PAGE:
Crunch time for Cape Town’s half-empty hotels
Some Cape Town hotels face permanent closure unless the government lifts its travel ban on key international tourist markets
SA’s hospitality industry, which has lost about R100bn in tourism spend since the lockdown was imposed in March, is waiting anxiously to see if the department of home affairs will heed calls to scrap its “red list” of 22 countries whose citizens are banned from travelling to SA.
The list, which includes eight of SA’s top 10 international tourism markets — including the UK, US and Germany — is expected to be updated some time this month.
Industry bodies including the Tourism Business Council of SA and the Southern Africa Tourism Services Association (Satsa) believe the government’s blanket ban on leisure tourists from countries deemed “high risk” is unjustified.
The general view is that anyone who provides proof of a negative Covid-19 test taken within 72 hours from the time of departure and is cleared by screening protocols should be allowed entry to help lift SA’s tourist economy.
Hotels, especially those in Cape Town and surrounds that are heavily dependent on international trade, have been particularly hard hit by the pandemic-induced slump in tourist arrivals.
Lockdown-related travel restrictions couldn’t have come at a worse time for Cape Town, as it s hotel industry was only just on the rebound following the 2017/2018 drought.
At least six new hotels (about 1,500 rooms) opened their doors last year, adding to the number of empty rooms across the Mother City.
New hotels include the three-star Signature Lux Foreshore and Capetonian Hotel, as well as two five-star boutique hotels — Gorgeous George and Labotessa. All four are in the city centre.
A further four developments are either under construction or being planned for the CBD.
The latest hotel trading figures, as tracked by global hospitality analytics specialist STR, show that Cape Town had a bumper January and February (see the graph). In January alone, occupancies rose 5.2% to 69.5%, while revenue per available room climbed 13.5% to R1,488.90.
In February, just before the Covid-19 pandemic hit, occupancies peaked at 80.7% and revenue per room hit R1,812.83.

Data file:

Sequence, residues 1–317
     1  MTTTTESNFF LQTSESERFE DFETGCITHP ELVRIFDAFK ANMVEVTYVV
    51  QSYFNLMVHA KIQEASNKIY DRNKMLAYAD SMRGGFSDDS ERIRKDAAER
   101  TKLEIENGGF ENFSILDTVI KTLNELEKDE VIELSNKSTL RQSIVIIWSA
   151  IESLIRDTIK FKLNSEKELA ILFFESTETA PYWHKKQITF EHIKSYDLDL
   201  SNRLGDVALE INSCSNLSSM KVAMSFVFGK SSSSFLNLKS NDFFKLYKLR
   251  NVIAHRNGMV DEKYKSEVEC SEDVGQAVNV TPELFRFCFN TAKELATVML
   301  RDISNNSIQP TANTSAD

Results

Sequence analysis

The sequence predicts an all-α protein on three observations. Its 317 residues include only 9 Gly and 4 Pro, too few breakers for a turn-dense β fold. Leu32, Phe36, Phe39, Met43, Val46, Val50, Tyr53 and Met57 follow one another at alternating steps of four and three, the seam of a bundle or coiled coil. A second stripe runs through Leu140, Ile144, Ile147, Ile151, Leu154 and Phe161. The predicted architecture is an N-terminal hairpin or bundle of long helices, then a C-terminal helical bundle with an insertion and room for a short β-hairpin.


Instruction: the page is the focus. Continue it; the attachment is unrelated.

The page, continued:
But by June, Cape Town’s occupancy had slumped to a record low of 8.3%, and revenue was just R63.27 per room. Though trading figures improved slightly from July as travel restrictions were eased, occupancies were still only at 21.3% and revenue per room was R199.32 in September.
The question is: how long will it take Cape Town’s hotel industry to return to pre-Covid levels? And in the meantime, how will hotels stay afloat?
Satsa chair Tony Romer-Lee estimates that only half of Cape Town’s 80-odd graded hotels are open, some only partially. He says most are likely to remain shuttered until business travellers start to return.
But the bad news is that international arrivals (both leisure and business) are not expected to show a marked recovery before September/October 2021.
Romer-Lee, who is also managing partner of Valor Hospitality in Africa and the Middle East, says only “swallows” from the UK and Europe (seasonal travellers) have started to trickle back.
Also, forward hotel bookings from international tourists for the first quarter of 2021 have either been cancelled or postponed due to the second coronavirus wave in Europe.
“The only airlines that are hanging in there are the Middle Eastern ones like Emirates and Qatar, and German carrier Lufthansa,” he says.
Romer-Lee says Cape Town’s hotel industry will no doubt see some closures. However, he believes most will survive, even if they are mothballed for an extended period.
He expects those with decent balance sheets to use the downturn as a chance to reposition their portfolios for what could be a strong post-Covid recovery.
What it means:
The ban on travellers from eight out of 10 of SA’s most important markets is hitting tourism where it hurts
The industry is hoping the R7bn upgrade under way at the Cape Town International Airport will go some way to speed up a post-pandemic rebound of international visitors. The project includes the construction of a new runway that will allow the airport to accommodate larger aircraft and increase its per-hour landings and departures.
The cruise terminal at the V&A Waterfront is also expected to continue its growth trajectory from late 2021. Passenger numbers at the port rose from just 6,050 in 2012 to 52,580 during the 2018/2019 cruise season, according to Cape Town Tourism.
Meanwhile, Cape Town’s hotel industry will have to rely on domestic leisure travellers to stay afloat.
Wayne Troughton, CEO of Cape Town-based HTI Consulting, says local hospitality companies will have to become more creative if they want to capture a larger slice of the domestic market.
For instance, “staycations” should be considered, where operators promote “mini-breaks” to Western Cape residents.
Writing in the “State of Cape Town Central City Report 2019”, Troughton says a “pay now, book later” system is another way to boost cash flows — selling credits for rooms (at discounted prices) that can be redeemed at a later stage.
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